Stains, while often harmless and surface-level, can seriously contribute to a space looking less than clean. Take, for example, that yellow, brownish stain around the base of your toilet. This is not a spot you want to see yellow and brown discoloration!
Regardless of what caused that stain around your toilet, the cleaning process is pretty much the same. If you’re looking for a way to deal with that stain for good, then this article should help you with both removing it and preventing it from ever coming back.
Apply an acid to the toilet base using soaked rags. Leave it for 30-60 min. Clean off the acid and apply a base. Gently scrub this over the stains. Leave it for up to15 min then clean it off. Repeat. To prevent staining, wipe urine drops immediately, avoid harsh cleaners/brushes, or replace the wax seal.
Pick Out Your Acid and Base
When cleaning the yellow stains from around your toilet base, you’ll want to use both an acid and a base.
Acids and bases are both capable of disinfecting and stain removal. However, they target different substances.
Acids are best for the removal of “hard” materials like rust or mineral deposits (scale). Bases on the other hand are ideal for the removal of greasy, oily, or other organic substances.
Depending on what is causing the yellow stain around the base of your toilet, one may work better than the other. Alternatively, both may be needed to work away all the discoloration.
White vinegar is a common household acid often used as a cleaner. However, you may also opt to use a toilet bowl cleanser (although you are not cleaning your toilet bowl) or even a lighter acid, like lemon juice, in this scenario.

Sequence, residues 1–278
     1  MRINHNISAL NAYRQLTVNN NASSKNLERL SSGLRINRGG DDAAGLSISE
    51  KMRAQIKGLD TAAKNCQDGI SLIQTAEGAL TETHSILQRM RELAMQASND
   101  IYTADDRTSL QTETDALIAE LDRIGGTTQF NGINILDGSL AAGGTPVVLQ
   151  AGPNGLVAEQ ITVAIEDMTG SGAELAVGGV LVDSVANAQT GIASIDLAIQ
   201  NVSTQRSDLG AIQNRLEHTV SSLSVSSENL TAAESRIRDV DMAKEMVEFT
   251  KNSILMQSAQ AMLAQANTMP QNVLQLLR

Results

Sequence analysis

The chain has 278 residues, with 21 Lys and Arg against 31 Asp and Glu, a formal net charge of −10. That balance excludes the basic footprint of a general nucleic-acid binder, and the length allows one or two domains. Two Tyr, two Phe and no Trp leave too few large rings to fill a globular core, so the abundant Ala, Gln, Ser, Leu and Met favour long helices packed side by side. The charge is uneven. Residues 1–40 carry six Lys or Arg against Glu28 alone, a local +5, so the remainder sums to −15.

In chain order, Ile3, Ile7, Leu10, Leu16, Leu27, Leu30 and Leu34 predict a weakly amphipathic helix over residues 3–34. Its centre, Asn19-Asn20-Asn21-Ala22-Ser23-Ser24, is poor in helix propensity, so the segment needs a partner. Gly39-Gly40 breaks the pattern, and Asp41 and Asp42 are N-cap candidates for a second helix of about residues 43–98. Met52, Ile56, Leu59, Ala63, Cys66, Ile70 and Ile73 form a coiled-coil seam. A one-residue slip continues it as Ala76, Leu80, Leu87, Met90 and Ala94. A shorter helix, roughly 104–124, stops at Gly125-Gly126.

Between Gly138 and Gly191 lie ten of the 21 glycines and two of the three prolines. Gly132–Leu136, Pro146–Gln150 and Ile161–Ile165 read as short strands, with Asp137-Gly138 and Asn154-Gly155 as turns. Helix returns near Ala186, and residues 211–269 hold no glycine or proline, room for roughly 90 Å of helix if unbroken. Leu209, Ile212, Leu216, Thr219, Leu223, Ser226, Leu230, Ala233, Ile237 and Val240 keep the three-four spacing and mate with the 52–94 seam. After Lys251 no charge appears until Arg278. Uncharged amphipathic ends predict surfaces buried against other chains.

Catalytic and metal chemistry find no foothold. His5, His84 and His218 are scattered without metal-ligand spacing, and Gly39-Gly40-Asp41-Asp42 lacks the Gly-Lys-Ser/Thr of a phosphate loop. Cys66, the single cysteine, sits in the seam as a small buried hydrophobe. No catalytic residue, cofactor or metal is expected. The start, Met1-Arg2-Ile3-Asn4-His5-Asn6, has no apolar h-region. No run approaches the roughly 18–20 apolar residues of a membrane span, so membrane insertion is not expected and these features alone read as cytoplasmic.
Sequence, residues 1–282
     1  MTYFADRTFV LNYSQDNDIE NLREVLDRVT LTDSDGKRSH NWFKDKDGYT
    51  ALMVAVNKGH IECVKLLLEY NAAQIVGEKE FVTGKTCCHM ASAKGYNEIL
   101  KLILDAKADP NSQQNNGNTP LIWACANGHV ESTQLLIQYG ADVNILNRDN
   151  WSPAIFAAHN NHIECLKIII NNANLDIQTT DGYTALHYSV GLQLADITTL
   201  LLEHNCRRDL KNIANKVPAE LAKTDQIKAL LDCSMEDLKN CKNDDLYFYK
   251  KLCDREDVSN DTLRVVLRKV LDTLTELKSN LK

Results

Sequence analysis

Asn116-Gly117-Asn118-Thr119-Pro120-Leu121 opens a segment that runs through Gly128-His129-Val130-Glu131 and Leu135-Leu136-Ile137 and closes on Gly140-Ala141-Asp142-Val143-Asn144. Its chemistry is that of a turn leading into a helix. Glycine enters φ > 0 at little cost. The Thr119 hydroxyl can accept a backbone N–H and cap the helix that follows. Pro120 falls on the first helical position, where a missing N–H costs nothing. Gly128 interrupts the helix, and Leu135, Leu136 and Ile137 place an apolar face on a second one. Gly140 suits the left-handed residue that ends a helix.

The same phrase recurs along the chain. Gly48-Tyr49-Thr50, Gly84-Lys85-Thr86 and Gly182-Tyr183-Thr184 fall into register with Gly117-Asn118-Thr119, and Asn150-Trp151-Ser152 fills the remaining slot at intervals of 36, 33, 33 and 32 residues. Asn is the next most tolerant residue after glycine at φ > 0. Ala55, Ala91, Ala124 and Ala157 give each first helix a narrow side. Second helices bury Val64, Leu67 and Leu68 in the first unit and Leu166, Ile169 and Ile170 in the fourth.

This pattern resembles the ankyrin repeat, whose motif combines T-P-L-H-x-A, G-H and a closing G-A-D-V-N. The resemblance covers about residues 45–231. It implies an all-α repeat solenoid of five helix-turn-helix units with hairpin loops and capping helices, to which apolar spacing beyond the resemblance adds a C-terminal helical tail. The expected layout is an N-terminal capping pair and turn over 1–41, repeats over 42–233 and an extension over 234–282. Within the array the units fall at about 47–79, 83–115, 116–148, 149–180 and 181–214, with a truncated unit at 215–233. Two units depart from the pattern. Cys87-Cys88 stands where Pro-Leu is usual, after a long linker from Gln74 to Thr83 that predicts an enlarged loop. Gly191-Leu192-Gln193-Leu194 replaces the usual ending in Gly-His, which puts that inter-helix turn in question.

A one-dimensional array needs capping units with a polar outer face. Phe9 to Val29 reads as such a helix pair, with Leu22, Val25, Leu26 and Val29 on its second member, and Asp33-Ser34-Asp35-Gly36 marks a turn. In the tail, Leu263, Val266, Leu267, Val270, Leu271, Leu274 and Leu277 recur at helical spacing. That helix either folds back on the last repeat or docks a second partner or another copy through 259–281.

Bleach is perhaps the most common base to use, although borax or baking soda are other viable, less corrosive alternatives.
Whatever cleaners you choose to use, be sure to research and avoid picking cleaners that react poorly with each other. For example, do NOT mix bleach and vinegar!
Apply the Acid
After selecting the acid cleaner you will be using, be sure to wear gloves to protect your skin before beginning to apply it.
Just like when cleaning stains from your toilet bowl, it would be best to leave the acid to soak. Unlike your toilet bowl, however, your floor is not self-containing.
So, unless you want to risk having your acid running all over the floor, you’ll want to use rags to soak the stain.
Saturate your cleaning rags with your acid, then apply them on top of the stains surrounding your toilet.
Leave the stains to soak under the acid for about 30 minutes. If your stains seem particularly tough or built up, you may leave the rags to sit for up to an hour.
While you are waiting, be sure to shut the bathroom door to prevent any children or pets from entering the room and touching or ingesting the acid.
If possible, I also recommend that you open a window or turn on the bathroom fan before leaving the room.
After soaking your stain, you’ll want to scrub at and attempt to clean/remove it as normal before moving onto your base.
Remember that many acids and bases can cause harmful effects when mixed—or at least make each other less effective—so, clean away the acid as best as you can before moving on.
Apply the Base
Once you have cleaned away the acid, you may apply your base cleaner to the remaining stain around your toilet’s base.
If using a liquid cleaner, you can apply it in the same way you applied your acid. If it is a dry base like baking soda or borax, mixing it with water will form a paste that will be easier to use.
Gently scrub your base cleaner into the stain. Use a rough sponge or a soft brush for best results, but avoid using a hard scrubber like a wire brush.
Using these can cause wear to your bathroom floor and even the ceramic of your toilet base. This damage is bad enough on its own, but harsh cleaners can eat away at these materials even more if they get stuck in any porous surfaces you create with rough scrubbing.